Toy Industry Execs Highjack the Tooth Fairy; CCFC Launches Campaign to Save Childhood Icon

For Immediate Release

Toy Industry Execs Highjack the Tooth Fairy; CCFC Launches Campaign to Save Childhood Icon

BOSTON - The Campaign for a Commercial-Free Childhood has uncovered a cynical ploy by some of the toy industry’s most powerful players to cash in on one of childhood’s most treasured imaginary figures: the Tooth Fairy. Backed by former executives from Disney, Mattel, and Hasbro, The Royal Council of the Real Fairyland, LLC has launched an interactive website for kids, complete with a slew of licensed merchandise.

CCFC discovered a video produced exclusively for investors that makes clear exactly what The Real Tooth Fairies has planned: “Can you believe,” the video begins, “that a childhood character known by millions worldwide has not yet been licensed?” To the alluring “ca-ching” of a cash register ringing up sales, a voice-over exclaims, “With a target audience of 10 million US girls ages 6 to 10 who lose 20 teeth, that translates to 200 million Tooth-Fairy moments. And biology guarantees that will never stop.”

“Up until now, the Tooth Fairy has resided in the public domain of children’s imagination,” said CCFC’s Director Dr. Susan Linn, author of The Case for Make Believe. “The Real Tooth Fairies is an egregious attempt to commercialize an inevitable biological milestone, the celebration of which has always been the purview of family ritual. In Real Fairyland, branding replaces children’s own creations with homogenized, corporate-constructed, sexualized images, constricting both imagination and cultural diversity.”

Today, CCFC launched a campaign to “Save the Tooth Fairy” from commercialization. In addition to the Real Tooth Fairies assault on children’s imaginations and family traditions, concerns cited by CCFC include:

• What was once a free-ranging, child-driven vision of Tooth-Fairyness is reduced to just six sexualized options.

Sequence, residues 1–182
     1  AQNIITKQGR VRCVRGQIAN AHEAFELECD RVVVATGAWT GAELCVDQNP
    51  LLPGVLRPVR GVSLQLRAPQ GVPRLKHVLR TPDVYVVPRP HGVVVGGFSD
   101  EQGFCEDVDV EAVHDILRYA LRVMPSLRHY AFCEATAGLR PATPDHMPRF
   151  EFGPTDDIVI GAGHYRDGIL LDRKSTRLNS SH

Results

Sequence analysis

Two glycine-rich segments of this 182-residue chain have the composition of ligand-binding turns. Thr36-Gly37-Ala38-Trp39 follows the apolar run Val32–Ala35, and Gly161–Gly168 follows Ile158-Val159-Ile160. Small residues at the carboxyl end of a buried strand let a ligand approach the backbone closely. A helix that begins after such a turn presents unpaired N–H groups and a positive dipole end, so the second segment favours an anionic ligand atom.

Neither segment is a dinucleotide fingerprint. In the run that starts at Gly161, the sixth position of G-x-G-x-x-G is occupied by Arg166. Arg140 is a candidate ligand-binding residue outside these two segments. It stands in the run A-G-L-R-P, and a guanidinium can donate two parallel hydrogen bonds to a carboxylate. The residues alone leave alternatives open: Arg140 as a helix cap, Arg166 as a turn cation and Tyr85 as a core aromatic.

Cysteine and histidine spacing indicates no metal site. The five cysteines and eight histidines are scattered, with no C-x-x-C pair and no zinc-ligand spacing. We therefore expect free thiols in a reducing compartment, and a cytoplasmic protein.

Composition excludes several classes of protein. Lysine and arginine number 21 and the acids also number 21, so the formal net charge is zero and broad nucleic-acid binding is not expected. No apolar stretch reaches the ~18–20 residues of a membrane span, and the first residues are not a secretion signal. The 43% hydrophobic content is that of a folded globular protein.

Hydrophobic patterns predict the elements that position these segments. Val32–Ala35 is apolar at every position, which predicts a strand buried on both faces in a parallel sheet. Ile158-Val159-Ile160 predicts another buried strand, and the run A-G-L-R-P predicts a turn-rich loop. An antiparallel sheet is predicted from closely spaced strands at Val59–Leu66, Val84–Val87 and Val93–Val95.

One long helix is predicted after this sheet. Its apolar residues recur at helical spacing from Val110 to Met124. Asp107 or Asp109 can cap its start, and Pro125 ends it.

• The target audience is girls as young as 5, but the “Real Tooth Fairy” role-models are largely preoccupied with appearance, shopping, and boyfriends.
• The “villain” in Real Fairyland, and the butt of its jokes, is a hairy-legged, roly-poly, buck-toothed, glasses-wearing fairy-wannabe.
• Gender stereotyping also extends to boys. Their Tooth Fairy counterparts are a team of heavily-armed superheroes.

“It’s bad enough that so many commercial characters marketed to little girls are sexualized,” said Dr. Linn, “It’s especially egregious to sexualize a childhood icon that has only existed in children’s imagination.”

Stakeholders in The Real Tooth Fairies, include Paul Yanover, President of Fandango and a former senior executive at Disney; Howard Bollinger, former Senior Vice President of Kennar and Hasbro toys; and “a former President of Mattel, an Executive Vice President of Mattel and top brand-builders and inventors from the toy and entertainment world,” according to a Real Tooth Fairies press release.

The Real Tooth Fairies is already selling VIP memberships, deluxe Real Tooth Fairy Collections, and more. Participation in Real Fairyland doesn’t come cheap. A Real Tooth Fairies Birthday Party Collection costs $379, but the company’s founders have their sights set much higher. In 2005, Viacom paid $160 million for the children's virtual world, Neopets, and two years later, Disney bought Club Penguin for $350 million upfront.

According to CFO Howard Bollinger, “Our intent in 2 to 3 years is that we project we’ll have over 30 million girls, unique users to the site. At that point, the site will become a hugely valuable asset and a prime target for acquisition by scores of companies who want to connect with our girl demographic.”

That is, unless CCFC and parents can “Save the Tooth Fairy.”

To see the full Real Tooth Fairies pitch to investors, click here.

To see CCFC’s edited version of the pitch, click here.

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The Campaign for a Commercial-Free Childhood is a national coalition of health care professionals, educators, advocacy groups and concerned parents who counter the harmful effects of marketing to children through action, advocacy, education, research, and collaboration among organizations and individuals who care about children. CCFC is a project of Third Sector New England (www.tsne.org).

 

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